• Biogeochemical processes, such as the carbon, nitrogen, and water cycles, rotate these molecules through the environment in a variety of ways. Higher levels of carbon, nitrogen, and water generally allow for more species to thrive, increasing biodiversity.

Conclusion

  • Biomes are defined by their temperature and precipitation, and can be impacted by factors such as latitude, elevation, nearby water, ocean currents, topography, vegetation, pressure systems, and more.
  • Abiotic factors are those that are non living, such as rocks, sunlight, temperature, and ocean currents for marine ecosystems.
  • Biotic factors are living factors of an ecosystem, such as the plants and animals that live there, named flora and fauna respectively.
  • Food chains list organisms in an ecosystem that feed off of each other. At the bottom are producers, plants that convert sunlight to mass. The second tier (or trophic level) of the food chain is called the primary consumers, and is composed of herbivores who eat the primary producers. After them comes secondary consumers, and so on.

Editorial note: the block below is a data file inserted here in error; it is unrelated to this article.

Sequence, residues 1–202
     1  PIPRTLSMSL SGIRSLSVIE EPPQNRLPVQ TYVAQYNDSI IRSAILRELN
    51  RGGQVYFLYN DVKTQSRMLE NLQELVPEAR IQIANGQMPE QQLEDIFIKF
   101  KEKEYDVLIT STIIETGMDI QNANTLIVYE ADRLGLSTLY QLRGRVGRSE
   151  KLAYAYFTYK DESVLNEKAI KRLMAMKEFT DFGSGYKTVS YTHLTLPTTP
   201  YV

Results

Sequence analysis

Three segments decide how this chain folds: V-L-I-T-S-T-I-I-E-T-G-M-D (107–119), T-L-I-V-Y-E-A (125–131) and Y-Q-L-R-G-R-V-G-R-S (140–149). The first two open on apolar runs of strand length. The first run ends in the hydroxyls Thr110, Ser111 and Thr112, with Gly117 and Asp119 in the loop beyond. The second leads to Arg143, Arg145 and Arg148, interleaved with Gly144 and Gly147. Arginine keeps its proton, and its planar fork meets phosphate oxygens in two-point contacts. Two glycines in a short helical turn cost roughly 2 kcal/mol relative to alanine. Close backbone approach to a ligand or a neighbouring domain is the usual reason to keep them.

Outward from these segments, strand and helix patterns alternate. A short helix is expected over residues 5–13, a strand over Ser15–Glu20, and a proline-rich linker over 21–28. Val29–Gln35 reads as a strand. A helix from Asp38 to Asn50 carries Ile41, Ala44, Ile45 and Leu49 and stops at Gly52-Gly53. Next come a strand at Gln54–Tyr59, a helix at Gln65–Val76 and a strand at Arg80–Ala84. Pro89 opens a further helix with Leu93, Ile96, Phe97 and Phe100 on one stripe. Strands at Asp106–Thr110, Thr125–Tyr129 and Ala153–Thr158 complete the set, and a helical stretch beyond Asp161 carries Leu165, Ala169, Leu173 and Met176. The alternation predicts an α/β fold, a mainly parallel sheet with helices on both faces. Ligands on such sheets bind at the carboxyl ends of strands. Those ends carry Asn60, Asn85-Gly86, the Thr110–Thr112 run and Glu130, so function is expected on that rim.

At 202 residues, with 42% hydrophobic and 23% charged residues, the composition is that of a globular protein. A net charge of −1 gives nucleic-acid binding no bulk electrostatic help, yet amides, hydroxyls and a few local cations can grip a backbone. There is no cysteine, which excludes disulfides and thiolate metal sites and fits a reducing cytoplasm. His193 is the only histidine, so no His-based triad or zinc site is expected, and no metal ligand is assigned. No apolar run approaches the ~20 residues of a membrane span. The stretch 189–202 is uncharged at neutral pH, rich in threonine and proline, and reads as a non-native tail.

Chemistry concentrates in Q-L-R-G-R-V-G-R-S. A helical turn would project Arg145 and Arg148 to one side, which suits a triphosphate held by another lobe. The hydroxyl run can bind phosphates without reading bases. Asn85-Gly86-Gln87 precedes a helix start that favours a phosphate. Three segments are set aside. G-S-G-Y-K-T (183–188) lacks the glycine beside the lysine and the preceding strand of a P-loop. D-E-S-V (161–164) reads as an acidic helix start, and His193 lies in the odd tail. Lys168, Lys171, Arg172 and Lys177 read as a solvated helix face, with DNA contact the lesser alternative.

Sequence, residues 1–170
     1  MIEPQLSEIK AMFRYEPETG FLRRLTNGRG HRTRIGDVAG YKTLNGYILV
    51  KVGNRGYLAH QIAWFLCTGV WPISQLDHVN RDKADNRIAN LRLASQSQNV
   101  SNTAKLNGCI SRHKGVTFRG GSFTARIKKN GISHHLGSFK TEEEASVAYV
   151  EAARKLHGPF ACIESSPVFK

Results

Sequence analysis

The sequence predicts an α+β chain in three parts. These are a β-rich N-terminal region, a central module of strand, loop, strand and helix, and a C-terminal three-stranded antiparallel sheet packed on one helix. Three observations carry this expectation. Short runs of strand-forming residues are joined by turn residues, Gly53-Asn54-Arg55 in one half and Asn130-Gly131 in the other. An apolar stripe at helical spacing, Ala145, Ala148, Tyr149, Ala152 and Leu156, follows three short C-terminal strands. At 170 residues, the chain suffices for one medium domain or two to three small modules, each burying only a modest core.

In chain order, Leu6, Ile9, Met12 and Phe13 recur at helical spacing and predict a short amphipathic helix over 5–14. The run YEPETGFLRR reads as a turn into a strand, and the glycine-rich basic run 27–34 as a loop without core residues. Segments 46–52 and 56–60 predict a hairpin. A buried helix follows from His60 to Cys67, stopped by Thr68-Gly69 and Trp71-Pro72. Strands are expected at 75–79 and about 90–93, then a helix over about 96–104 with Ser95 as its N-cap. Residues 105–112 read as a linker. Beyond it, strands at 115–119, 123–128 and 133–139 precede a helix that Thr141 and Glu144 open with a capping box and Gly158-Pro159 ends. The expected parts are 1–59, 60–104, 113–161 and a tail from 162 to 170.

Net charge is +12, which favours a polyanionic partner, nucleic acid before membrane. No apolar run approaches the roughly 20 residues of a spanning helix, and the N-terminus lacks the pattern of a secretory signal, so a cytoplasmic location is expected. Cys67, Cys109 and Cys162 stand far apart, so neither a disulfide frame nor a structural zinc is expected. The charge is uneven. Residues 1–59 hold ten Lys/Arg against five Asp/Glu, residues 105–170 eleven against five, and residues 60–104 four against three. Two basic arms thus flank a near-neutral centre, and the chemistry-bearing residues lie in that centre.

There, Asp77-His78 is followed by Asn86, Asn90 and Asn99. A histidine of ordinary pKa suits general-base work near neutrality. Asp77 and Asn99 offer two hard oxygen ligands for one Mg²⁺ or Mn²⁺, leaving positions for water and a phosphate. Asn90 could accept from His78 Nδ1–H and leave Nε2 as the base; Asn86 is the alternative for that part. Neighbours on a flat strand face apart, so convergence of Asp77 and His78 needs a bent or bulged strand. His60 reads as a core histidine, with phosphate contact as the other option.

• A food web is simply a combination of multiple food chains to represent a fuller view of an ecosystem.

FAQs

1. Which model concentrates on the responses an organism makes to its environment?

Behavioral model concentrates on the responses an organism makes to its environment

2. What is the term for the sum total of an animal’s responses to its environment?

Behaviour is the term for the sum total of an animal’s responses to its environment

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Sources:

  1. Reece, J. B., & Campbell, N. A. (2011). Campbell biology. Boston: Benjamin Cummings / Pearson.
  2. “36.7 Behavioral Biology: Proximate and Ultimate Causes of Behavior - Biology for AP® Courses | OpenStax.” Openstax.org, openstax.org/books/biology-ap-courses/pages/36-7-behavioral-biology-proximate-and-ultimate-causes-of-behavior#0. Accessed 12 Feb. 2022.